Steroids are commonly prescribed for various autoimmune and inflammatory conditions and are routinely used after intraocular surgery. Despite numerous benefits, steroids can have adverse systemic and ocular side effects, including cataracts, elevated IOP, and glaucoma. One-third of patients may experience a type of ocular hypertension known as steroid response.
Steroid-induced glaucoma is defined as elevated IOP and glaucomatous optic neuropathy in the setting of corticosteroid use. This iatrogenic disease is often difficult to manage, as patients may require continued steroid treatment for their underlying conditions. Steroid-induced IOP elevation is dependent on the route of administration, potency, dose, treatment duration, and type of steroid, in addition to patient-related risk factors.
Prompt diagnosis and early intervention are critical to prevent glaucomatous optic neuropathy and vision loss. Therefore, physicians must be mindful of the association between steroids and secondary glaucoma.
The risk of steroid response varies among individuals, which contributes to the unpredictable nature of steroid-induced glaucoma. In the general population exposed to topical ocular steroids, 5% to 6% are high steroid responders (IOP elevation >15 mm Hg), 29% to 36% are moderate responders (IOP elevation between 6 mm Hg and 15 mm Hg), and 58% to 66% do not experience significant IOP elevation.1,2
In addition, Becker and Mills found that patients with primary open-angle glaucoma (POAG) exhibit marked IOP elevation and decreased aqueous outflow facility when exposed to topical ocular steroids.1 Individuals with a first-degree relative who has POAG or with a diagnosis of glaucoma suspect are also more likely to develop ocular hypertension when treated with steroids. Other risk factors include previous steroid response, high myopia, angle-recession glaucoma, very young (<6 years old) or older age, type 1 diabetes mellitus, and connective tissue disease.2
PERIOCULAR STEROIDS. Sub-Tenon steroid depot in a patient with uveitis resulting in secondary glaucoma.
Trabecular meshwork morphological and biochemical changes. Steroid-induced glaucoma is considered a secondary open-angle glaucoma. Although the exact mechanism is unknown, the main cause of the disease is increased aqueous outflow resistance at the level of the trabecular meshwork (TM), leading to IOP elevation.2 Accumulation of extracellular matrix proteins including fibronectin, elastin, and hydrated polymerized glycosaminoglycans, as well as mechanical obstruction by steroid particles, is thought to reduce aqueous outflow.
Moreover, steroids inhibit proteases and suppress the phagocytic activity of the TM, thus promoting the accumulation of aqueous debris and obstruction. Steroids also decrease the synthesis of prostaglandins and have a significant effect on the cytoskeleton structure of the TM through formation of cross-linked actin networks.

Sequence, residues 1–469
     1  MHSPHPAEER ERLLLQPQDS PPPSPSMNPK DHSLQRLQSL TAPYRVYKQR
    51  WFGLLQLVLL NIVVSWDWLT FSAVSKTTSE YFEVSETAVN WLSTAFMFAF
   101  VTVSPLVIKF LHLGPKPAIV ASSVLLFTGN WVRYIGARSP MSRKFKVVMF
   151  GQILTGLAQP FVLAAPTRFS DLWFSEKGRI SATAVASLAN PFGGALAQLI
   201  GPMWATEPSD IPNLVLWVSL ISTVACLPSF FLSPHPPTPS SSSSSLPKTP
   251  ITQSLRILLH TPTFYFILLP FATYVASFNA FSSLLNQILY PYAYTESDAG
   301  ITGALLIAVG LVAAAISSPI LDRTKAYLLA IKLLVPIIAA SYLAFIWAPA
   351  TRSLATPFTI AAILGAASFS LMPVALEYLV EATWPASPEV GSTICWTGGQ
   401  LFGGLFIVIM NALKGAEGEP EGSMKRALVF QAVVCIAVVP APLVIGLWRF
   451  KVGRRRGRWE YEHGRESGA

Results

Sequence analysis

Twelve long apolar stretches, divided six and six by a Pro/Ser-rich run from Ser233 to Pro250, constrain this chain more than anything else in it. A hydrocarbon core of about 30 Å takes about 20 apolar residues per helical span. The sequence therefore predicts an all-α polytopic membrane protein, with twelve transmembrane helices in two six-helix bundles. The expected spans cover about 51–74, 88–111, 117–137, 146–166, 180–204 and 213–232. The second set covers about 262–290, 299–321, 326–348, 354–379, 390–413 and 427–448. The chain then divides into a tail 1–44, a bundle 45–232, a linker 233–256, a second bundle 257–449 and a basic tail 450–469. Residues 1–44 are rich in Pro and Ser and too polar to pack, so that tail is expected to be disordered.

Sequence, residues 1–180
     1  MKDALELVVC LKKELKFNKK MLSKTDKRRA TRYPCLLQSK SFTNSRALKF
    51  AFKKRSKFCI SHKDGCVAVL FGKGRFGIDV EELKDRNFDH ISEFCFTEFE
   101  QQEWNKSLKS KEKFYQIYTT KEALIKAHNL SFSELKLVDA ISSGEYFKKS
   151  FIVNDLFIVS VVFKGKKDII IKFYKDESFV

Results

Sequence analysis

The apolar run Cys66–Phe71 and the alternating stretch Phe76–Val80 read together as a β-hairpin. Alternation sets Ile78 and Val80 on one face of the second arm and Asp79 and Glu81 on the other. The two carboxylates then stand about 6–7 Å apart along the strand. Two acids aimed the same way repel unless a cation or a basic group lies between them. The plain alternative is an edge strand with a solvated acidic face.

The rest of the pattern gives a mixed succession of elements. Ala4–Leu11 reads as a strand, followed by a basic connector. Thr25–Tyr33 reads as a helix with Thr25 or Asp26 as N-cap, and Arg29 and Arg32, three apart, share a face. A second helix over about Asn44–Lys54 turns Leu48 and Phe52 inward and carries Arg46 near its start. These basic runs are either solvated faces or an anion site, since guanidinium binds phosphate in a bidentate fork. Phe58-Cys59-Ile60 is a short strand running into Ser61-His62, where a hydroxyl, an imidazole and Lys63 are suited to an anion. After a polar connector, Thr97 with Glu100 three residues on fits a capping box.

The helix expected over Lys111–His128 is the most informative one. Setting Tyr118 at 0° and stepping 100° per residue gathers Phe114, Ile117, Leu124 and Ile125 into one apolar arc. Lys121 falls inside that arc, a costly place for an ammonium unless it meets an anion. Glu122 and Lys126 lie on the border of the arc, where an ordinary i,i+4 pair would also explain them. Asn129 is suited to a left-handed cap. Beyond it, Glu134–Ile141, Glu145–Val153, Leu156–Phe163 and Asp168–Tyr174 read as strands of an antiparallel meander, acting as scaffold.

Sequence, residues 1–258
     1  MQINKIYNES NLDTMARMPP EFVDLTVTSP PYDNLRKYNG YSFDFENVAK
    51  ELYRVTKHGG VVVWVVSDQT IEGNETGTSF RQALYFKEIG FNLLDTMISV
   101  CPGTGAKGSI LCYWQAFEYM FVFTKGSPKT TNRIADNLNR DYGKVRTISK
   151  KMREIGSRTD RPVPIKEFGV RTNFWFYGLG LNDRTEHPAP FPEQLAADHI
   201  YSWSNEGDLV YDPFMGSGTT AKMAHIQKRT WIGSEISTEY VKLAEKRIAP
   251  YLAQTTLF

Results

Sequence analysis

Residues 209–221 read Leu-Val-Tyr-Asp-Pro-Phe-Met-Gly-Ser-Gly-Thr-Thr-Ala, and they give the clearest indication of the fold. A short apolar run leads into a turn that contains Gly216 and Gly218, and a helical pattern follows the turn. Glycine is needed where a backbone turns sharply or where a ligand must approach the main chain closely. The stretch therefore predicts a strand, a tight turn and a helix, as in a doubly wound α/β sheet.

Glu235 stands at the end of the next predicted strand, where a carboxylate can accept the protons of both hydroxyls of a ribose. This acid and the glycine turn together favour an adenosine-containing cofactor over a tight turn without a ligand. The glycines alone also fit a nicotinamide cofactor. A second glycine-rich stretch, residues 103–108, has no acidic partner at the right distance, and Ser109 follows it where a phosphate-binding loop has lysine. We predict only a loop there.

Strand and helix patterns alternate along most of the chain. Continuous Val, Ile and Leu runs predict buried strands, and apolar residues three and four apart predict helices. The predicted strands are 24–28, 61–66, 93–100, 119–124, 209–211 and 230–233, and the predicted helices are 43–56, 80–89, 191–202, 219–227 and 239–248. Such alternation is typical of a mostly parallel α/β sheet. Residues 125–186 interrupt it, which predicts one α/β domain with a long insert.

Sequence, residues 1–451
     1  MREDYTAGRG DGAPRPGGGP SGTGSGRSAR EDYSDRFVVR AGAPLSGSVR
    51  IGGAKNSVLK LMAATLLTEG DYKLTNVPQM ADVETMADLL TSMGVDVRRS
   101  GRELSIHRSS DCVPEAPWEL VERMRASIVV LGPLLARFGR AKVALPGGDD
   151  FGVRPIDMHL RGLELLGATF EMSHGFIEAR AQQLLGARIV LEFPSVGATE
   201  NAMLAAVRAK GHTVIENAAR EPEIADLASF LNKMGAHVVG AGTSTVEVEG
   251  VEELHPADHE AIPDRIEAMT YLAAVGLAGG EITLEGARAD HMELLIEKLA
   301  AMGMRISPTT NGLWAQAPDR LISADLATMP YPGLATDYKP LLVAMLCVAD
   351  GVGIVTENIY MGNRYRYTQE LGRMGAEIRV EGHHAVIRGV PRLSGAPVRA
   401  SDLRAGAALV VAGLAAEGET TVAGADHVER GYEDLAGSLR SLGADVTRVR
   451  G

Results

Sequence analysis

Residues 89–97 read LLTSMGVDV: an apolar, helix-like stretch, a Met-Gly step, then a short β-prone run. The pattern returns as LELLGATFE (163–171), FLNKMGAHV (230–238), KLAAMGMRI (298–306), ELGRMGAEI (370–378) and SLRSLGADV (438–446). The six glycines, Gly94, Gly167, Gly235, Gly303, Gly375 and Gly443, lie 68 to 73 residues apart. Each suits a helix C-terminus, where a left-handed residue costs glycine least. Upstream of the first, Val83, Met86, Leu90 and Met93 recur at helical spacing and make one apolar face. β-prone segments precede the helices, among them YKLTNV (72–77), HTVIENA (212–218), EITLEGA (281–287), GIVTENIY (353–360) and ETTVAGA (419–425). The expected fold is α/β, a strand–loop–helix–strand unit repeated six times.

Genetics. Several genes are associated with steroid-induced glaucoma, including those encoding for myocilin, alpha 1-antichymotrypsin, pigment epithelial–derived factor, cornea-derived transcript factor 6, and prostaglandin D2 synthase.2 Although still poorly understood, myocilin has been extensively studied because of its link to juvenile and adult-onset open-angle glaucoma. Myocilin is highly expressed in trabecular cells exposed to glucocorticoids, and its expression shows a similar dose response and delay in onset as steroid-induced ocular hypertension. Further research into the genetics associated with steroid-induced glaucoma would be beneficial to identify patients at risk.
Steroid-induced ocular hypertension and glaucoma can occur after topical, periocular, intraocular, inhaled, nasal, systemic, or transcutaneous administration. Rarely, excess endogenous steroid production can cause ocular hypertension. Steroid delivery and potency are major factors in IOP elevation. In general, topical, periocular, and intravitreal administration account for most cases of steroid-induced glaucoma, with the topical route being the most frequently involved.
Topical steroids. The effect of topical ocular steroids on IOP depends on the potency of the drug formulation. Dexamethasone and prednisolone are more potent steroids. In one study, 0.1% dexamethasone was associated with an average increase of 22 mm Hg from baseline IOP, while prednisolone acetate, a commonly used postoperative medication, demonstrated an average IOP elevation of 10 mm Hg in patients who were previously identified as steroid responders.3 Difluprednate is one of the most potent topical steroids, and approximately 3% of patients using difluprednate experienced an IOP increase of 10 mm Hg or more above baseline, compared with 1% in the placebo group.4
Less potent topical ocular steroids include medrysone 1.0%, tetrahydrotriamcinolone 0.25%, hydrocortisone 0.5%, and fluorometholone 0.1%. On average, these drugs raise the IOP by 1.0, 1.8, 3.2, and 6.1 mm Hg, respectively.3 Newer medications such as loteprednol etabonate and rimexolone have less of an effect on IOP. It is important to note that the incidence rates of steroid-induced ocular hypertension and glaucoma vary among studies because of patient-related risk factors and different definitions of IOP elevation.
Periocular and intravitreal steroids. Periocular and intravitreal steroids include triamcinolone acetonide (TA), fluocinolone acetonide (FA), and dexamethasone (DEX). These medications have a longer duration of action compared with topical steroids. All periocular steroids can increase IOP, and the risk appears to be intermediate between topical and intravitreal administration.
There is limited literature comparing outcomes of different types of periocular steroid delivery, including subconjunctival, sub-Tenon, and retrobulbar injection. Among the periocular steroid routes of administration, sub-Tenon has the highest risk of IOP elevation.
Intravitreal steroids have become more widely used recently because of broader indications and successful outcomes in various conditions. The most popular intravitreal steroids are DEX and TA, with intravitreal TA being the more commonly used. Intravitreal TA has been shown to cause ocular hypertension in 30% to 45% of patients for up to nine months.5 Intravitreal DEX is considered to have a lower risk of steroid response (11%-17%), with a shorter duration (lasting about one month) due to its water-soluble properties.
Sustained-release implants. The need for repeated intravitreal steroid injections has led to the development of sustained-release steroid implants. These devices include the nonbiodegradable FA implants Retisert, Iluvien, and Yutiq and the biodegradable DEX implant Ozurdex.